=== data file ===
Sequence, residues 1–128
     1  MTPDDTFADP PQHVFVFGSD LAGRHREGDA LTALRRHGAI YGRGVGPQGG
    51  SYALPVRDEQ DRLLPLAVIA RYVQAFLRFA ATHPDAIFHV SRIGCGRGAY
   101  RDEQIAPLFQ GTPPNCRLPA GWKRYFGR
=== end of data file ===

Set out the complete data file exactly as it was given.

Sequence, residues 1–128
     1  MTPDDTFADP PQHVFVFGSD LAGRHREGDA LTALRRHGAI YGRGVGPQGG
    51  SYALPVRDEQ DRLLPLAVIA RYVQAFLRFA ATHPDAIFHV SRIGCGRGAY
   101  RDEQIAPLFQ GTPPNCRLPA GWKRYFGR